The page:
The last year has revealed uncertainty in the commercial real estate market. More than ever, commercial landlords need a watertight lease. It is essential that you assess your commercial lease templates and make any necessary changes to best protect your investments.
Take Steps to Avoid Future Pandemic Liability
Include provisions in the lease that ensure the tenant will take all reasonable steps to ensure the leased space is kept safe for employees, customers, and visitors in compliance with applicable OSHA guidelines, and federal and state regulations. Likewise, landlord should have systems in place to ensure that common areas under their control are kept safe for employees, customers, and visitors to the property, and are in compliance with applicable safety regulations.
Envision Another Pandemic Shutdown
The COVID-19 pandemic has shown how crucial force majeure clauses are. Moving forward, you will need to specify how tenants can expect the landlord to respond to these kinds of events. You will also want to address how possession of the premises and the enforcement of the other terms of the lease will be impacted if a force majeure event occurs.
Detail Sublease Permissions and Expectations
Many businesses were forced to close their doors last year. The lease needs to specify whether tenants may sublease their space. The lease should detail the circumstances under which these agreements may be made and what allowances a tenant may make.
It is also advisable to have a sublease agreement – like a lease agreement – that the landlord, the tenant, and the sublessee will sign to help the protect all parties to the lease and sublease.
Identify Tenant Costs in Addition to Rent
Landlords will want to specify the expenses tenants are responsible for during the term of the lease. This can include insurance requirements, common area maintenance, property taxes, and improvements.
Specify the Use of and Conditions for the Return of Space
Landlords should ensure that the lease documentation details what tenants are permitted to do within their leased premises. The COVID-19 pandemic saw many businesses forced to modify or alter their business models. For example, restaurants saw in-person dining come to a halt, but carry-out business with increased vehicular and pedestrian traffic increased significantly. How should that affect the terms of the lease? Similarly, the lease should document how tenants are expected to return possession of the leased space. You can detail guidelines for cleanliness and damage and specify what consequences may await tenants who do not meet these expectations.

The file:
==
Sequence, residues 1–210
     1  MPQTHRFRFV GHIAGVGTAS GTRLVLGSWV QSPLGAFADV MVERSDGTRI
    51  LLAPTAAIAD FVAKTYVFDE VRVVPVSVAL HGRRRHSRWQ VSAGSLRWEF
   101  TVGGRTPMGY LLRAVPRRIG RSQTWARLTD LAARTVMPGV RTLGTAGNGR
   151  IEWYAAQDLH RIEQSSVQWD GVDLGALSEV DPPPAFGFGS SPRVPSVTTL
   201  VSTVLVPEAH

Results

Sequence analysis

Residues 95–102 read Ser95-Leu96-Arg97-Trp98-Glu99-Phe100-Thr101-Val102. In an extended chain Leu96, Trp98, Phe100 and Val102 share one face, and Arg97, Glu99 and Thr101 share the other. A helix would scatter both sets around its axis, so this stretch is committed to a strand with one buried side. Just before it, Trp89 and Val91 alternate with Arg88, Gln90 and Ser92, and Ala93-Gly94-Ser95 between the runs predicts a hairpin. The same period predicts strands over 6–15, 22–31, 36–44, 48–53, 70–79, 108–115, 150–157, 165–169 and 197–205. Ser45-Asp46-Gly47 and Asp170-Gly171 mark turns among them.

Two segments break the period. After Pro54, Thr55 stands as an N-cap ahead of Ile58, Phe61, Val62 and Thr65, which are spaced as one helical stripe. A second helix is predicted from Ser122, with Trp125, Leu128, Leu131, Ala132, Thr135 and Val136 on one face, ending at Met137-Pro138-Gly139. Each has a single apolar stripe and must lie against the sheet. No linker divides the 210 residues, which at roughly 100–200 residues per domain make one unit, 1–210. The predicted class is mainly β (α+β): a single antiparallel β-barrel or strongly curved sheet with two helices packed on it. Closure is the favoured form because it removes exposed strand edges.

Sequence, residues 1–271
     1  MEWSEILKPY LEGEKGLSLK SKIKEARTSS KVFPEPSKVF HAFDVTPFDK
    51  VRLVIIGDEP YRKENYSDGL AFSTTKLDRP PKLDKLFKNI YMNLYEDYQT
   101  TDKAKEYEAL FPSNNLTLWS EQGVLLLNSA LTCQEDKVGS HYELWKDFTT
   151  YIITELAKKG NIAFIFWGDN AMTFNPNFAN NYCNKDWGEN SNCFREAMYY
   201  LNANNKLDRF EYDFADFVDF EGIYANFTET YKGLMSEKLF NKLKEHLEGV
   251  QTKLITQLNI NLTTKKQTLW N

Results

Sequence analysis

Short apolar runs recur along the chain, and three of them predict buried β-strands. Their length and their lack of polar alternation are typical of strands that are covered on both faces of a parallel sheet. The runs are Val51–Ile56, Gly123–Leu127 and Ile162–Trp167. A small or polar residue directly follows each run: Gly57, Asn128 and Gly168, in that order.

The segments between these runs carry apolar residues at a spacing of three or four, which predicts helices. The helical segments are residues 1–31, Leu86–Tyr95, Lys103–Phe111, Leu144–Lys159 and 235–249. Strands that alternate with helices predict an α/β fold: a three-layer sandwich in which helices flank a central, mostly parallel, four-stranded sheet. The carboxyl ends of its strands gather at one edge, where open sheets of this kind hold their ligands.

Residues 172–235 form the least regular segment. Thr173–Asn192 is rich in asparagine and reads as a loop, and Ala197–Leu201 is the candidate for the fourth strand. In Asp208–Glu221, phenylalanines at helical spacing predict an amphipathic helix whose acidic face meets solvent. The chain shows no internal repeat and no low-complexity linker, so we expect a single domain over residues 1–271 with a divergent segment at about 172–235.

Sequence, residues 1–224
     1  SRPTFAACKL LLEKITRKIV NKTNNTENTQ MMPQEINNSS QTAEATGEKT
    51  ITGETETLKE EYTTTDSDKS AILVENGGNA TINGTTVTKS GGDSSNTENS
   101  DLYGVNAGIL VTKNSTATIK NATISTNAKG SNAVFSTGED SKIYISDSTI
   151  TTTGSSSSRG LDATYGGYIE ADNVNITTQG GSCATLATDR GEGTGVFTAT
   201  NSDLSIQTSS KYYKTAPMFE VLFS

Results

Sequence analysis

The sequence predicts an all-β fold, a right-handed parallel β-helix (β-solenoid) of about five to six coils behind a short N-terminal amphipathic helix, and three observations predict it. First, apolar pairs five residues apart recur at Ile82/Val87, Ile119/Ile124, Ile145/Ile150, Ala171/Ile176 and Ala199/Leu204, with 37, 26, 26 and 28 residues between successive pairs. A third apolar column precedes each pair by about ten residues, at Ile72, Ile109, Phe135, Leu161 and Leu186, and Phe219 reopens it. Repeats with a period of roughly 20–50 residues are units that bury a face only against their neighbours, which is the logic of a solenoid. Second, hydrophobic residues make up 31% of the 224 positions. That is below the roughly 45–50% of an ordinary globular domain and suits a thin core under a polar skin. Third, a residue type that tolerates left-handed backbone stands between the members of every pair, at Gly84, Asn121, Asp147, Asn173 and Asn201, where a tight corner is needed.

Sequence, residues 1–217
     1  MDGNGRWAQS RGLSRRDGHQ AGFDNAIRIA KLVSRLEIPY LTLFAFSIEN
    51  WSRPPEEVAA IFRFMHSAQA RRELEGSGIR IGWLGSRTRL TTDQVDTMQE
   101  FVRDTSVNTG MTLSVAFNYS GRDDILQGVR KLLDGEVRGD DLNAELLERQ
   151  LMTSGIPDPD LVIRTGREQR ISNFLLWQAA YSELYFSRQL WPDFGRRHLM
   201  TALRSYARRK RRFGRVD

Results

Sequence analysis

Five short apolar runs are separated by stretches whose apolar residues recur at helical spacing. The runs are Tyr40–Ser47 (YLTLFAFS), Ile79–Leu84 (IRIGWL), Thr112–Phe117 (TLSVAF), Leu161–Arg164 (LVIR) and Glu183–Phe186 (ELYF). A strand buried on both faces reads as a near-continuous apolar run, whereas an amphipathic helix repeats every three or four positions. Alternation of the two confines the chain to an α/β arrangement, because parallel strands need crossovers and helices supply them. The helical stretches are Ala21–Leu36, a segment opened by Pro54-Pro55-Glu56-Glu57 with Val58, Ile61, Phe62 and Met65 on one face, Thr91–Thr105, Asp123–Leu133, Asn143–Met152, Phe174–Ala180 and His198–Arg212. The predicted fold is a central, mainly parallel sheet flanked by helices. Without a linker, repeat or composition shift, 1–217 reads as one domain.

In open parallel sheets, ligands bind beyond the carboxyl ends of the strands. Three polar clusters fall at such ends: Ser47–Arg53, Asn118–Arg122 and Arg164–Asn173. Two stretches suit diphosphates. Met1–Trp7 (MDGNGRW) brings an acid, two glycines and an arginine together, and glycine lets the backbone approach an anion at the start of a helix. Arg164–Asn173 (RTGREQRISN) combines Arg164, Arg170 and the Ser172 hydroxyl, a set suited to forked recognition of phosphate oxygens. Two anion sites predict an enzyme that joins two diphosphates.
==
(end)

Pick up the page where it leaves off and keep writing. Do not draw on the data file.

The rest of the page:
Prepare and Position Yourself for Litigation
The lease should be written in a way that anticipates having to go to court to enforce the lease. Your attorney will recommend that you detail the jurisdiction that governs the property and where a dispute over the lease must be brought. The landlord should also note which actions it can take – called Landlord’s remedies – if the tenant breaches the lease.
The commercial lease should include a provision that awards attorneys’ fees to the prevailing party in litigation over the lease. This provision helps makes the party who is not at fault whole if it must go to court to enforce the lease. The losing party will have to pay the winner’s attorney fees and litigation costs.
When in Doubt, Put Everything in Writing
It is common practice to have a written lease. Oftentimes, however, the landlord and tenant will discuss and agree on additional terms relating to the lease – additional concessions, limits on use, additional monetary obligations. Every term discussed and agreed on must be put in writing. If one of these additional terms is breached, it will be much easier to prove and prevail if the written lease contains all materials terms. Make sure to document and have all parties sign any amendments or addendums to the lease that the parties agree to over time.
Contact The Frazer Firm for Help With Your Lease
A business attorney with experience litigating key provisions of commercial leases can identity and help you address loopholes that might cost you money in the future. Let the experienced business and real estate litigation attorneys at The Frazer Firm help you draft, revise, and negotiate your commercial leases this year. Reach out to schedule an initial consultation today.
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